Research limitations/implications

The current research is limited to the markets in the USA, eurozone, China and Japan. This study can be extended to additional countries, such as emerging markets.

Practical implications

This paper provides a model that uses categorical policy uncertainty approach to explain stock price changes. The parametric estimates provide insightful information in advising investors for making portfolio decision.

Social implications

The estimated coefficients of changes in monetary policy uncertainty, fiscal policy uncertainty and trade policy uncertainty are informative in assisting policymakers to formulate effective financial policies.

Originality/value

This study extends the existing risk premium model in several directions. First, it separates the financial risk factors from the EPU innovations; second, instead of using EPU, this study investigates the effects from monetary policy, fiscal policy and trade policy uncertainties; third, in additional to an examination of the effects of US categorical policy uncertainties on its own markets, this study also investigates the spillover effects to global major markets; fourth, besides the aggregate stock markets, this study estimates the effects of US policy uncertainty innovations on the sectoral stock returns.

Details

The Journal of Risk Finance, vol. 21 no. 5
Type: Research Article
ISSN: 1526-5943

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Article
Publication date: 1 December 2021

Mustapha Ishaq Akinlaso, Aroua Robbana and Nura Mohamed

This paper aims to investigate the risk-return and volatility spillover within the Tunisian stock market during the COVID-19 pandemic analyzing both the Islamic and…

Abstract

Purpose

This paper aims to investigate the risk-return and volatility spillover within the Tunisian stock market during the COVID-19 pandemic analyzing both the Islamic and conventional stocks’ performance.

Design/methodology/approach

Both symmetric (GARCH and GARCH-M) and asymmetric (Threshold GARCH and Exponential GARCH) models are used to analyze the market returns and volatility response. Standard and Poor’s (S&P) index has been used to test both the Islamic and conventional stocks within the Tunisian stock market.

Findings

The findings suggest that both Tunisia Islamic and conventional stock markets are highly persistent; however, the conventional stock index showed a negative return spillover on the Islamic stocks during the pandemic. The conventional stock index has also shown a higher exposure to risk for a lower amount of return, and evidence of potential diversification benefit between both indexes was found during the pandemic, whereas the Islamic market showed a positive leverage effect, indicating a positive correlation between past return and future return; the conventional index implied a negative leverage effect.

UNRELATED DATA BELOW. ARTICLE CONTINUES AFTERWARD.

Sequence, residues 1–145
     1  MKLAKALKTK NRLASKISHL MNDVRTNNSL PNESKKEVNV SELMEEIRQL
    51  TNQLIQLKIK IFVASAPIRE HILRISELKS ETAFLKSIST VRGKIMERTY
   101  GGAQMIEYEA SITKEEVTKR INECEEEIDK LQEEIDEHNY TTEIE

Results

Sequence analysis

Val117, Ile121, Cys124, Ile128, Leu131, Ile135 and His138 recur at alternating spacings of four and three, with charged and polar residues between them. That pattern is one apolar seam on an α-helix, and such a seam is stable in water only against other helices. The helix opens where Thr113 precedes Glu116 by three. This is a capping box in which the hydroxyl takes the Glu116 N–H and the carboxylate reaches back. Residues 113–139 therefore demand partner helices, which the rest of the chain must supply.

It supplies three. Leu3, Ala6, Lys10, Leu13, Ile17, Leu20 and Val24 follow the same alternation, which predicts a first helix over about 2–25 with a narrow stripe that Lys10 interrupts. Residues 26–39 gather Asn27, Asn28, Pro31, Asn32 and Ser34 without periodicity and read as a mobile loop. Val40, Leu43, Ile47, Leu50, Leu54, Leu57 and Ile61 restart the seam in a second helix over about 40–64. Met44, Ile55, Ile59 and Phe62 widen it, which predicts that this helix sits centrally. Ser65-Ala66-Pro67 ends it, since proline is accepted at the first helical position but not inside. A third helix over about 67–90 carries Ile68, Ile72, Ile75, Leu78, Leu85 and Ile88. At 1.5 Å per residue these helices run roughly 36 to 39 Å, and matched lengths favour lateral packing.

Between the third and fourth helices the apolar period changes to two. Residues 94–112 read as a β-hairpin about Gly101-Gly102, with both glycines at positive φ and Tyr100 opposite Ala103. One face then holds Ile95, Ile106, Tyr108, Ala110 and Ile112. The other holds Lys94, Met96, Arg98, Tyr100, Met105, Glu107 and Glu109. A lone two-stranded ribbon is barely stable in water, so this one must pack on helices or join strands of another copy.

Originality/value

The value of this paper emerges in studying three main aspects that are specific to the Tunisian stock market. This includes COVID-19 effect of return spillovers, volatility transmission across both conventional and Islamic stock market within the local financial market.

Details

Journal of Islamic Accounting and Business Research, vol. ahead-of-print no. ahead-of-print
Type: Research Article
ISSN: 1759-0817

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Article
Publication date: 10 May 2013

Musibau Adetunji Babatunde, Olayinka Adenikinju and Adeola F. Adenikinju

The purpose of this study is to investigate the interactive relationships between oil price shocks and the Nigeria stock market.

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3026

Abstract

Purpose

The purpose of this study is to investigate the interactive relationships between oil price shocks and the Nigeria stock market.

Design/methodology/approach

The paper applied the multivariate vector auto‐regression that employed the generalized impulse response function and the forecast variance decomposition error.

Findings

Empirical evidence reveals that stock market returns exhibit insignificant positive response to oil price shocks but reverts to negative effects after a period of time depending on the nature of the oil price shocks. The results are similar even with the inclusion of other variables. Also, the asymmetric effect of oil price shocks on the Nigerian stock returns indices is not supported by statistical evidences.

Originality/value

This is the first study to examine the dynamic linkages between stock market behaviour and oil price shocks in Nigeria.

Details

Journal of Economic Studies, vol. 40 no. 2
Type: Research Article
ISSN: 0144-3585